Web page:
There are places where corruption is baked into the system, in a systemic scale across a longer history not comparable to ours. There are still more places where people routinely hand cash-filled envelopes to the doctor so that he or she lifts a finger to save a dying family member. We know Malaysia was and is never like that.
Making new friends, I have had the experience that within 15 minutes I could confidently guess their country of origin before they even told me. I picked that out from their characteristic need to bribe even friendship – from the first moments. Malaysians are nowhere there.
Can we fight corruption with our heads held high? Can we do that without mocking and spitting?
Fairness and equality
Combating corruption is hard; equal redistribution is far harder. After decades of re-adjustments, many developed nations still make a mess of it. So far only the Scandinavians have managed a more egalitarian distribution.
Is there anything we can learn from there? There seems to be no interest. The challenge is downplayed as something that will naturally fall into place. Or we are told that so-and-so is such a great leader that he will certainly manage that; we must trust and give him our full support. Do we settle for such simplistic illusions?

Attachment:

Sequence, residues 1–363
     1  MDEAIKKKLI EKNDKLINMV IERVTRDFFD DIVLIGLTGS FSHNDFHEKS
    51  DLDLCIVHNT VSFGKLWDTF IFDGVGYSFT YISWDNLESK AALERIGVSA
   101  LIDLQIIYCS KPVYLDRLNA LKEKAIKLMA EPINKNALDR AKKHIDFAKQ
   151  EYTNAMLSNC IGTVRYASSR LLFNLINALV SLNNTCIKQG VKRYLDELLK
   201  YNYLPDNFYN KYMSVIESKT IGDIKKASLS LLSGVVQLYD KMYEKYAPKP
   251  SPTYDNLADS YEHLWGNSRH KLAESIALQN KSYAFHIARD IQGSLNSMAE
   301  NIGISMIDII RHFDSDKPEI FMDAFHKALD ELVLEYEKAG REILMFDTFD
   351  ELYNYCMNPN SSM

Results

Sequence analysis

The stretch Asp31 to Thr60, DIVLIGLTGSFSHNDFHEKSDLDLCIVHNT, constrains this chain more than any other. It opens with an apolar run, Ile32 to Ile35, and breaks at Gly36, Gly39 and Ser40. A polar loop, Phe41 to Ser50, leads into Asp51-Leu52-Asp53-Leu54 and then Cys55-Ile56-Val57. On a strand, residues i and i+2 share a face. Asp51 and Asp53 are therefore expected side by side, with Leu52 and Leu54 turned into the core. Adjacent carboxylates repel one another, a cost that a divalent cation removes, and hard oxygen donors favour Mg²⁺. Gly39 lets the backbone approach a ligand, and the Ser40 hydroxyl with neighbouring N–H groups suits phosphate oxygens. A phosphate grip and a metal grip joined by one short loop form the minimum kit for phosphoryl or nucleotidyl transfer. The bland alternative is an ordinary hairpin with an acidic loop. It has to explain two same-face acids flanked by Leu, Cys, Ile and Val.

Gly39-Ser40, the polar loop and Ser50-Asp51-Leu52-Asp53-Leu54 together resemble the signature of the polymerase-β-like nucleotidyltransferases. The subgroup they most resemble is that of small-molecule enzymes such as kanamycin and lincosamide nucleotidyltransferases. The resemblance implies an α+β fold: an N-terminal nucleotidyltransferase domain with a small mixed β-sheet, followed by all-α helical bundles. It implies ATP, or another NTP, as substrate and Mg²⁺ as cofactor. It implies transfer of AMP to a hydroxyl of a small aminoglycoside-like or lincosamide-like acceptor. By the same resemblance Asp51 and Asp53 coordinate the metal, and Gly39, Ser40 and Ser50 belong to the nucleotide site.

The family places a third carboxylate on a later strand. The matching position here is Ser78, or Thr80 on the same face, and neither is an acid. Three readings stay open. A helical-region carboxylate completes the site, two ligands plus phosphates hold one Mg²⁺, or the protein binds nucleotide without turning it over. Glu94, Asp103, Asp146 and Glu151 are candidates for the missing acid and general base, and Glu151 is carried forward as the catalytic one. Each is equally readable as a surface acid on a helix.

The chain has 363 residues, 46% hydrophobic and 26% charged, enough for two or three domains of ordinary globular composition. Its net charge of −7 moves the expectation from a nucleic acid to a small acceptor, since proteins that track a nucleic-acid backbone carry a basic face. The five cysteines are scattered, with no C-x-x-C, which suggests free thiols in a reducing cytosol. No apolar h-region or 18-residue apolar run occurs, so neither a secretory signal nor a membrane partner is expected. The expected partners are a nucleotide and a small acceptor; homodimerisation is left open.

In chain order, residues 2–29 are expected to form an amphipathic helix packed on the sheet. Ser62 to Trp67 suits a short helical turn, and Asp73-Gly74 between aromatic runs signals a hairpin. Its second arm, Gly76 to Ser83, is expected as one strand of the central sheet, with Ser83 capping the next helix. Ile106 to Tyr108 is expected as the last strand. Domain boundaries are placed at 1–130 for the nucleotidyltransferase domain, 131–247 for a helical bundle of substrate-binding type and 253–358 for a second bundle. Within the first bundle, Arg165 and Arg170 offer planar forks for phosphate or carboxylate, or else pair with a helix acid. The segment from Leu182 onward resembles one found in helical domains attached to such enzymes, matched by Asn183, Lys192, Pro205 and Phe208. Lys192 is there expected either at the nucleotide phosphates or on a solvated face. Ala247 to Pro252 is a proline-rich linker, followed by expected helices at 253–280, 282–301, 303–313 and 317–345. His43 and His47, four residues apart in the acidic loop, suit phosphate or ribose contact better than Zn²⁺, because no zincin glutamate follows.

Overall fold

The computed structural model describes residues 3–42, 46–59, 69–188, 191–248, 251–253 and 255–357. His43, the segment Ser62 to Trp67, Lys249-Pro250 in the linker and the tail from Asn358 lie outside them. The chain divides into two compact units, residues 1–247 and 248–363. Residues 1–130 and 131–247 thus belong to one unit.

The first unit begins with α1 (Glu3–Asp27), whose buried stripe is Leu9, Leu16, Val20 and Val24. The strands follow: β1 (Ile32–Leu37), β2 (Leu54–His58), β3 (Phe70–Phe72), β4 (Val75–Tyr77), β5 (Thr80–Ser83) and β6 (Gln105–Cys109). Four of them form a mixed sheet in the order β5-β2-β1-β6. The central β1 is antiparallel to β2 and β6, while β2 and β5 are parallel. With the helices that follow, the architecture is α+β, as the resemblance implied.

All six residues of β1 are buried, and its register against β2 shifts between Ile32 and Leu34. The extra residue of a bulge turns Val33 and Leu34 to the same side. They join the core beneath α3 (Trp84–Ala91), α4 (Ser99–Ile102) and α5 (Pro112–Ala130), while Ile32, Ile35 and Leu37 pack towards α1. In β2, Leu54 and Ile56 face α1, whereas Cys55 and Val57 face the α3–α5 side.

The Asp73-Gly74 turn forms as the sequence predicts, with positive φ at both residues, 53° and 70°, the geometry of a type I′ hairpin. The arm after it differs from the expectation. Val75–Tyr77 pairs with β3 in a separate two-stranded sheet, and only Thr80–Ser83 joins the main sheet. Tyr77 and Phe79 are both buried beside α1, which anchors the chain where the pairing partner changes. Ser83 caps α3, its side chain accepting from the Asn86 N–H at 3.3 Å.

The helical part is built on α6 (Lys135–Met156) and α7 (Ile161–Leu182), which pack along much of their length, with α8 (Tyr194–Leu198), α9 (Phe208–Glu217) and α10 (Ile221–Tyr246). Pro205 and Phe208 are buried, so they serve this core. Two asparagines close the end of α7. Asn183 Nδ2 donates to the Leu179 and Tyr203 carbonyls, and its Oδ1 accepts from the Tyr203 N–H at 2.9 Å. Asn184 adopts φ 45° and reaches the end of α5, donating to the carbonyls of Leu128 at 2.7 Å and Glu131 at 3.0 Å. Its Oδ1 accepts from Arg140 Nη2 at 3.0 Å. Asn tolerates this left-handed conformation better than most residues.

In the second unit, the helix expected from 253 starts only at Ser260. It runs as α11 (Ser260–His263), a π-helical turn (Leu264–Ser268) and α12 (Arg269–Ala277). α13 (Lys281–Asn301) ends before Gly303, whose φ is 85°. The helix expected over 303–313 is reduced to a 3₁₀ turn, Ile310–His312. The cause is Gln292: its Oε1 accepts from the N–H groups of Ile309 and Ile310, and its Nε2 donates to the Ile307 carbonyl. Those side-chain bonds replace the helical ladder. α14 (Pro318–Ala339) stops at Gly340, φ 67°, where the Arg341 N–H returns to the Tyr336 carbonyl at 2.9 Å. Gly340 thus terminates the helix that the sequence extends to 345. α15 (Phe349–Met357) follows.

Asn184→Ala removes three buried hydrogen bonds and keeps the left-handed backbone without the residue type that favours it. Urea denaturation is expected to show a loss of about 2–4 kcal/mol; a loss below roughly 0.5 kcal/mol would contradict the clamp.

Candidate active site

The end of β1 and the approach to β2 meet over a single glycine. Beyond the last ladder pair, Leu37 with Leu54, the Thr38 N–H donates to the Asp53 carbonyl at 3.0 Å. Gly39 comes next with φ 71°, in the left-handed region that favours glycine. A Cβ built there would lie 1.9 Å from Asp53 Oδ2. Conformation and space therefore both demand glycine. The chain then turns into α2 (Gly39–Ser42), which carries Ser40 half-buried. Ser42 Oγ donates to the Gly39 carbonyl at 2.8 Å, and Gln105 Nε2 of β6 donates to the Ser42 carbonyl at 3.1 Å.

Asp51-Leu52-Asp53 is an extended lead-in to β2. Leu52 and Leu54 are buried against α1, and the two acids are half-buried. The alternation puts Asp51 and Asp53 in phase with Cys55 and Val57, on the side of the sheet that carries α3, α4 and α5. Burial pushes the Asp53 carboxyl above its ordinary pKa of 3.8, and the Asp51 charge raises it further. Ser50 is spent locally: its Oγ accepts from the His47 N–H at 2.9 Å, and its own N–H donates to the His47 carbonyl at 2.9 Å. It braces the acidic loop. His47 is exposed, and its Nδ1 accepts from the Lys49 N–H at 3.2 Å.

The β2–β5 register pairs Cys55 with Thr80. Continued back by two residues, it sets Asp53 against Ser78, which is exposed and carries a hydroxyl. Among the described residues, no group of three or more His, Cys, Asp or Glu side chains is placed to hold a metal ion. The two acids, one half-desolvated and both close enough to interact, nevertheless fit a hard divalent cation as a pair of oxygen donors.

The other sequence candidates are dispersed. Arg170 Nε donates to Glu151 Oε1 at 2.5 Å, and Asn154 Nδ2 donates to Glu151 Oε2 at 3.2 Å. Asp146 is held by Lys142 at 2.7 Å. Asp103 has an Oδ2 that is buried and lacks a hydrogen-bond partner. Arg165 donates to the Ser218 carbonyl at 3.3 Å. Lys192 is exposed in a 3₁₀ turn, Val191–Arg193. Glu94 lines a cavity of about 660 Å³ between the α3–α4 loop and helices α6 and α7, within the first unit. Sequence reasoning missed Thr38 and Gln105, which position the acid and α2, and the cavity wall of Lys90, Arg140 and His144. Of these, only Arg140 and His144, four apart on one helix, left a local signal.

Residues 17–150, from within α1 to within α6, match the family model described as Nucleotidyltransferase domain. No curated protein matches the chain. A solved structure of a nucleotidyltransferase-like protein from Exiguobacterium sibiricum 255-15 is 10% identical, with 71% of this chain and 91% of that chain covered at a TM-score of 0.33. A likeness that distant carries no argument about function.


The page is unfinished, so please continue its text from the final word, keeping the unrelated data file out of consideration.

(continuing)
If it is fairness, not equality, that is being sought after, we need to be clear. Do not claim to be paving the way for equality. Mixing up equality with fairness only divides and depresses the nation further.
Equality is objective, simple and unconditional. It is elementary mathematics, of dividing the pudding by the number of tummies. One equation fits all. No multiple equations loaded with a full suite of factors and conditions.
What’s fair and what’s not? That is entirely subjective. Fairness implies strong elements of who deserves and who doesn’t. That depends on whatever baseline one deems as fit for others – according to familial traits, education, profession, even the accent with which one speaks a language – just about any attribute we can rope in as a criterion. What you think I do not deserve may well be exactly what I think you do not deserve.
I was the first to reach an empty classroom, so I am entitled to five seats and six desks rather than one. The street belonged to my grandfather, so I claim my birth right not to think of others. My looks match a preferred corner of the palette – that sets me to a higher baseline. My family tree shines greener; of course I deserve more.
Those who reached the classroom later, whose grandfather never owned the street, whose looks match the wrong edge of the palette, whose family tree appears slightly different – of course they ought to get less. Their baseline and mine can never be on par; certainly not. So goes the thinking.
Revisiting the needles I had mentioned in an earlier article, why do some Malaysians not know what needles I’m talking about? Not that Malaysia is cleaner, but that Malaysia is so gravely polarised.